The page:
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Volkswagen's gaze fixed on Tesla as it ups EV output

Volkswagen AG is growing increasingly focused on the competitive challenges posed by Tesla Inc., as the German automaker seeks to close its rival's lead in software and connectivity features.

CEO Herbert Diess said the company is "openly" benchmarking itself against Tesla in its strategic decisions as it revealed an updated five-year, €73 billion investment plan in which funding for digitization will double. Introducing over-the-air software updates, a feature Tesla is famous for, is a particular priority, as well as increasing the proportion of in-house software used in its vehicles from 10% to 60%.

"I think the quite remarkable point is now that this planning round contains all the investments necessary to really strive for technology leadership against Tesla," Diess said. "We are benchmarking Tesla very openly also on the supervisory board level. And we know where Tesla is strong and where they are heading and they're going. And we know what to do ourselves ... Our way to compete with the new competitors, Tesla, is clearer than a year ago."

Regarded as the mass-market manufacturer with the most aggressive plan for a transition to electric cars, Volkswagen's launch of the ID.4 at the end of 2020, after the recent ID.3 hatchback launch, will increase competition in the EV sector significantly. The ID.4's SUV body style has been the fastest-growing format in the car industry in the last few years at the expense of the sedan.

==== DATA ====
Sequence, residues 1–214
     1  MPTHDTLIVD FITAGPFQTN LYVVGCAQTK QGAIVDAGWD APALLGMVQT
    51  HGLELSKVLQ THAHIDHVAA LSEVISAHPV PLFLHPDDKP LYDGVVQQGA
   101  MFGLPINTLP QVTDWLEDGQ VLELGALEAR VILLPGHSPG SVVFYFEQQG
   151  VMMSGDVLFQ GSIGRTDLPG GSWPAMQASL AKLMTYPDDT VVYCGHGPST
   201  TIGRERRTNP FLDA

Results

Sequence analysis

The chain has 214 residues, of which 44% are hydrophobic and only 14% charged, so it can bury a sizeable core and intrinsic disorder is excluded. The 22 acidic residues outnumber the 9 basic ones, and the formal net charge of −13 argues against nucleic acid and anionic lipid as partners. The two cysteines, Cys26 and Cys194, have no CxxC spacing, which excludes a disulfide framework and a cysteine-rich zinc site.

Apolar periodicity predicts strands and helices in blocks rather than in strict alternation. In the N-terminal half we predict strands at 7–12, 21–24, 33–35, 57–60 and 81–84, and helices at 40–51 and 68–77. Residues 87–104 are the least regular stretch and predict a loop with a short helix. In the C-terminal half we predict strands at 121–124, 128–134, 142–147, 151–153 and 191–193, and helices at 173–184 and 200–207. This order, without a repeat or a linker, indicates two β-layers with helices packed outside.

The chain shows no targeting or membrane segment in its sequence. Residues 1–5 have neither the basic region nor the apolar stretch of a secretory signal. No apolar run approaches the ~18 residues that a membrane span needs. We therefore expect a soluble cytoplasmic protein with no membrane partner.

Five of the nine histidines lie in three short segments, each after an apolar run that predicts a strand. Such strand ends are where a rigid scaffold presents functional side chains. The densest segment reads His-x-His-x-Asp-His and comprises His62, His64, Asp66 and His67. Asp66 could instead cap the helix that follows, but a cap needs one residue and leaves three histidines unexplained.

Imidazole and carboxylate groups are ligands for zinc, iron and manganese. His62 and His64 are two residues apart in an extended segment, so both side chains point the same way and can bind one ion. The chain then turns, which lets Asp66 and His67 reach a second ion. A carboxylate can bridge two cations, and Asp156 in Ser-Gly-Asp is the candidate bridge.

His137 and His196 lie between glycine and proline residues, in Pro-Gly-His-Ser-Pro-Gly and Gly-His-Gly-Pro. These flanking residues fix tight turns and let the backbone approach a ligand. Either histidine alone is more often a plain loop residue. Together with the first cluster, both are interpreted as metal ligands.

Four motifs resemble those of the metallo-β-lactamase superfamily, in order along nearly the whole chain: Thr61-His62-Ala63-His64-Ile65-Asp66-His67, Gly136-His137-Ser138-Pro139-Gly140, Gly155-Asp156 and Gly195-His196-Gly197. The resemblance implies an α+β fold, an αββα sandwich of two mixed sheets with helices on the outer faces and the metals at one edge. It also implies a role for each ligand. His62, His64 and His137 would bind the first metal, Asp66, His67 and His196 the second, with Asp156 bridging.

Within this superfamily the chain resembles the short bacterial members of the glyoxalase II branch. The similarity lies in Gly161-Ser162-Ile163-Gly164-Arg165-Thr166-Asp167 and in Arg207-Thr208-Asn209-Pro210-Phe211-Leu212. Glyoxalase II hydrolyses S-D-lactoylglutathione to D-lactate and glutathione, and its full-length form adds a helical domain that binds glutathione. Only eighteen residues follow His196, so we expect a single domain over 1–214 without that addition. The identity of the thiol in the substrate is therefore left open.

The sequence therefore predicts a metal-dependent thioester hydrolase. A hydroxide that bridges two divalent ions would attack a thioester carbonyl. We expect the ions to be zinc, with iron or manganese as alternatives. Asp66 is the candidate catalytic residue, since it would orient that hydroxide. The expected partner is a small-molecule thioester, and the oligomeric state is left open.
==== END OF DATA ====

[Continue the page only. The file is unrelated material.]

Volkswagen expects the share of battery-electric vehicles to account for between 6% and 8% of its total in 2021. This is expected to reach 20% by 2025 and over 30% by 2030.

Diess said Volkswagen is likely to miss its EU-mandated target for a reduction to average CO2 emissions from new cars by about 1 gram, following warnings in late October from the company that it was unsure whether it could achieve its target. The company would have to pay a fine of €95 for each car sold per gram of CO2 in excess.

With broad global exposure, Diess said the group is still struggling to fulfill orders for some cars as safety measures to reduce the risk of coronavirus spread within plants continue to hamper productivity. The company expects to come close to 2019 sales volumes by 2022 and possibly exceed them in 2023, group head of sales Christian Dahlheim said.

Volkswagen is also grappling with the challenge of cutting fixed costs, which Diess recognized as uncompetitive. In one attempt to address this, the company is moving production of the Passat sedan to Bratislava, Slovakia, where it makes the Skoda Superb on the same platform. This decision is also part of a plan to gradually repurpose more German plants to produce electric cars, Diess said.